Margarita, How Beautiful the Sea is centered around two of the most significant Nicaraguan figures of the first half of the twentieth century, the great poet Rubén Darío and the dictatorial (and dynasty-founding) Anastasio Somoza, president of Nicaragua from 1947 until his assassination in 1956. The title already suggests the peculiar everyone-knows-everyone smallness of Nicaragua, as it refers to to the lines Darío wrote on the fan of the young daughters of doctor Louis Henri Debayle upon his triumphal return to Nicaragua in 1907. Debayle 'treated' Darío in 1916, when the poet died, while one of the Debayle-daughters, Salvadorita, would go on to marry Somoza (and eventually become the Nicaraguan 'first lady').
       The novel shifts back and forth in time, with much of the focus on the plot to assassinate Somoza. It begins with Darío's return to Nicaragua in 1907, then echoes that in the ship-journey bringing some of the conspirators planning to kill Somoza to Léon in 1956 -- with a long-lost statue of Darío aboard as well, a second homecoming for the poet.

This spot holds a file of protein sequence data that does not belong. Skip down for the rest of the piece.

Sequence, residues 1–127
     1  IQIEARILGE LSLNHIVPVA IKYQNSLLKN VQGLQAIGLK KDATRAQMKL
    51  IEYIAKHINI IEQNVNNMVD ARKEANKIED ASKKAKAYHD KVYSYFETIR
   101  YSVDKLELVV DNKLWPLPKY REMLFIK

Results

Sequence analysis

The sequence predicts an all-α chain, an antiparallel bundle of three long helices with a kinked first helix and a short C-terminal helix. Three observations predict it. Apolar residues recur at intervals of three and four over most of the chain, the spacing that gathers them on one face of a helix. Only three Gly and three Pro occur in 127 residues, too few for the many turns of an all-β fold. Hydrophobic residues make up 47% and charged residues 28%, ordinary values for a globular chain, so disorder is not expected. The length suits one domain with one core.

Around each man there are myths that blur reality: as they note long after his grand funeral, Darío may have been a famous figure but was perhaps better known for his celebrity than his work:
     "All because he was adored like a saint. Everybody in Nicaragua knew his poetry by heart from having read it so much," Captain Prío said. 
     "In fact, his poetry had hardly been read at all in Nicaragua, Captain," Rigoberto said, checking his journal. "According to Customs' records, the total number of books imported in 1906 was one thousand three hundred twenty. How many of those were Rubén's ? No one knows. Perhaps not even fifty of them. And not one of his was printed here."
       Meanwhile, Ramírez also offers a handy Somoza-chronology, noting that Somoza already asked for Salvadora's hand on the very day of Darío's funeral (with papa Debayle turning him down) and then went on to work as a meter-reader and outhouse inspector before slowly achieving greater success (and winning the doctor's consent to marry Salvadora).